Cates ruled that the measure modified too many sections of the constitution at once because not only did it repeal the income tax, it also required that any new or increased tax or fee had to be approved by voters. Thus, voters might have liked one provision but not the other, but they had to approve both. That's called "logrolling," and it's prohibited in the state constitution.
We say good riddance to bad rubbish. The income tax repeal was a populist pander that would have been of greatest benefit to those who need it least. Most of us pay a negligible state income tax, which is the only progressive tax in the state. According to 1997 numbers from the Joint Legislative Budget Committee, the top 1.4 percent of earners pay 17.3 percent of the tax, the top 5.7 percent of earners pay 31.2 percent and the top 11.2 percent pay 42.7 percent. In fact, low-income families who earn less than $23,600 don't pay any income tax at all. All of which means repealing the income tax amounts to a tax cut for the wealthiest Arizonans.
As Lori Klein of the Arizona Taxpayer Alliance told The Weekly last April, the "little guy" the tax repeal was designed to aid is someone making $100,000 to $1 million a year--which accounted for 5.6 percent of the filers in 1997. (See "The Good News About Your Taxes," April 13).
Given that the legislature has virtually eliminated the state property tax, the state sales tax would have to rise to make up the lost revenue if voters had flushed the income tax. And, while it's only paid in pennies here and there, the sales tax hits average Arizonans harder than the income tax. The Joint Legislative Budget Committee estimates that the average Arizona family of four with an income of $35,000 pays about $1,440 in sales taxes and only $515 a year in state income taxes.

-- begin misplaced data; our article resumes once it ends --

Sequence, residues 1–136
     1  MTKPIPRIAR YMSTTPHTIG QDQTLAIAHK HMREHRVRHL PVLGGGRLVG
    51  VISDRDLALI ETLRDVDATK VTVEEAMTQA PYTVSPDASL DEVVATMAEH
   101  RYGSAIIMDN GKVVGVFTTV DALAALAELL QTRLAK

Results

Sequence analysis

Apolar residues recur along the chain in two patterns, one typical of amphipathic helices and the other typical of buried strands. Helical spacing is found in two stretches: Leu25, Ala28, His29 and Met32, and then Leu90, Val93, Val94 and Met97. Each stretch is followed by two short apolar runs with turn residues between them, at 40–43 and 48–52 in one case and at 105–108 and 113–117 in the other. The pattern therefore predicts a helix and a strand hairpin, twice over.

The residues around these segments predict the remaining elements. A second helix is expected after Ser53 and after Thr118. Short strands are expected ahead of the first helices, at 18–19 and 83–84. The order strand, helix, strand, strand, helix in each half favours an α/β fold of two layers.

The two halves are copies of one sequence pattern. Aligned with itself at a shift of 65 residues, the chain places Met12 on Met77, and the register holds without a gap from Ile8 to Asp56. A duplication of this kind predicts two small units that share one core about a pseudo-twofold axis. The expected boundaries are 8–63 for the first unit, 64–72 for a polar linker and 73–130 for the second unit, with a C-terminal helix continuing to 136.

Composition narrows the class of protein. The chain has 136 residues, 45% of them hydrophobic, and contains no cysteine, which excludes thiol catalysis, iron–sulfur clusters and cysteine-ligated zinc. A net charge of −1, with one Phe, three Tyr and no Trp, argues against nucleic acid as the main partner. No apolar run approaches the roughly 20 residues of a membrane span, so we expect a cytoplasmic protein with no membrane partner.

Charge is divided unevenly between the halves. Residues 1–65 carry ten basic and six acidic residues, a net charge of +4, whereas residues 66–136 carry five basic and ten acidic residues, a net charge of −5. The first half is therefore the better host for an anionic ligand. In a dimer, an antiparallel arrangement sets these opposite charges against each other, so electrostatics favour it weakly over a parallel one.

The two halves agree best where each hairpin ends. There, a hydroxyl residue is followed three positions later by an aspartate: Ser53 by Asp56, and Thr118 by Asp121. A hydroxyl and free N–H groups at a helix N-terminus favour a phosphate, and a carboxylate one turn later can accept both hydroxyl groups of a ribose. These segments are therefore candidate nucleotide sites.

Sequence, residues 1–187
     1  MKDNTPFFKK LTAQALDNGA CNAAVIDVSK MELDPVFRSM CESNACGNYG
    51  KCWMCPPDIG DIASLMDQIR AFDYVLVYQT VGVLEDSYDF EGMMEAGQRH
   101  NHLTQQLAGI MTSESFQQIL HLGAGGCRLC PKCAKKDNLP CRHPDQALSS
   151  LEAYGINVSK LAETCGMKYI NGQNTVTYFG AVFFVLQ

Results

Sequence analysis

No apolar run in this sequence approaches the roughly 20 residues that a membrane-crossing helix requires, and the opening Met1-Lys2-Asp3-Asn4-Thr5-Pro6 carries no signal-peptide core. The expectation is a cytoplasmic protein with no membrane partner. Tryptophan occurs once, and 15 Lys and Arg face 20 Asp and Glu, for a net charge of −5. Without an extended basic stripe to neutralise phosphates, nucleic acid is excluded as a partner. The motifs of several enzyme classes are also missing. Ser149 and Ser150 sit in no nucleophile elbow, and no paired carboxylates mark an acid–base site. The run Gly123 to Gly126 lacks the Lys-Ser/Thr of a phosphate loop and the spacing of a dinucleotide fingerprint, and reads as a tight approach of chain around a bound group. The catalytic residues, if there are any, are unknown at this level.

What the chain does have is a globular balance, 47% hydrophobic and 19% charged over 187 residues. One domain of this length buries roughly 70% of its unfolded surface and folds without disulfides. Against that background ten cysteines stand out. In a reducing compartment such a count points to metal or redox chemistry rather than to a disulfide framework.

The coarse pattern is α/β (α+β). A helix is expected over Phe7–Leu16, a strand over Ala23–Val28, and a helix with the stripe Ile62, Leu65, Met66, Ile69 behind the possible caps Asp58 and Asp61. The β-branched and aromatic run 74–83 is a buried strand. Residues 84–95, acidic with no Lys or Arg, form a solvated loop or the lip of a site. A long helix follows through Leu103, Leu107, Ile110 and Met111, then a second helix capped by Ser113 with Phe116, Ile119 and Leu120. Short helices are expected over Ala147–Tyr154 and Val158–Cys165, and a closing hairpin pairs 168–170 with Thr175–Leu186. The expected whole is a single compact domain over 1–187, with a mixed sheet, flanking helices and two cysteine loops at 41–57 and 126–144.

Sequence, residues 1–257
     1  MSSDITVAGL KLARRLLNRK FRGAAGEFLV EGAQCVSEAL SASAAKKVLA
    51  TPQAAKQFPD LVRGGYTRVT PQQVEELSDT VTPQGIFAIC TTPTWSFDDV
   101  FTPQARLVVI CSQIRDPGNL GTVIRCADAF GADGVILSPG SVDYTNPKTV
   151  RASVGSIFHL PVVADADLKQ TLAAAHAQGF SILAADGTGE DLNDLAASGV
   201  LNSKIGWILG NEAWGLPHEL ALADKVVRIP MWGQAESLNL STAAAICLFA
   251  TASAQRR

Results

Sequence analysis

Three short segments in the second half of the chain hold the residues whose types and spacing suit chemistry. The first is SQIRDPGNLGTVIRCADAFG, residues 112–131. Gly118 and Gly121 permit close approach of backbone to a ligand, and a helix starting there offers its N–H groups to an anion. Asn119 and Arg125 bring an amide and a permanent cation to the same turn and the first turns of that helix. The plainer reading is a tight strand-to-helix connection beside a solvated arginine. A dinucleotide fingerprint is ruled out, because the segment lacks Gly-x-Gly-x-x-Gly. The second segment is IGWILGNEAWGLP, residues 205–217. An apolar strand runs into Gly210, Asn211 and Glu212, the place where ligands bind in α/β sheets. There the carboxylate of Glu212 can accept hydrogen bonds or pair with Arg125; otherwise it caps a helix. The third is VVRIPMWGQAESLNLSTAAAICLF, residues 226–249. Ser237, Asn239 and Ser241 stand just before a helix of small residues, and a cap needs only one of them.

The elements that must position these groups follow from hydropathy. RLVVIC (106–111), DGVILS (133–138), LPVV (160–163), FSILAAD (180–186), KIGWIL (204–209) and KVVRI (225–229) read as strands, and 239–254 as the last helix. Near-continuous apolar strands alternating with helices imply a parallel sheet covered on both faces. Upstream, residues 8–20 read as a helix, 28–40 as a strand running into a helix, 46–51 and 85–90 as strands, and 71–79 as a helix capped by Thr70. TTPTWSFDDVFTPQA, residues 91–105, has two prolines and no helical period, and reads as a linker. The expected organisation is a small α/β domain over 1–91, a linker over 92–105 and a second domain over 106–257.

The sales tax is a lousy tax to raise for another reason: It can be evaded with a click of a mouse--and an Internet sales tax is years away. Upward-creeping sales taxes increase the incentive to shop online, which in turn hurts local businesses. Think that's good for our consumer-driven economy?
And that's assuming the sales tax could have been increased, since under Prop 107 any tax hike would have had to pass at the ballot box. In all likelihood, voters would have shot down any steep increase in the sales tax. (The backers of the Taxpayer Protection Act know this. They set it up that way on purpose, because their main objective is to cut government back by starving it.)
Supporters of the repeal are promising an appeal to the state Supreme Court, but it appears they may face another hurdle. Earlier this week, Secretary of State Betsey Bayless announced that a random sample of the signatures turned in by the Taxpayer Protection Alliance showed such inaccuracy that the group seemed to have only 97.2 percent of the 152,643 valid signatures required to put a constitutional amendment before voters. That means the petitions get kicked back to all the county recorders, who are bracing themselves for the counting chore ahead. And the Taxpayer Protection Alliance complains about government waste? Looks like it's triggering its share.
SMARTER JUDGMENT: The proposition drama continued this week, when Maricopa County Superior Court Susan Bolton tossed Prop 100 from the ballot.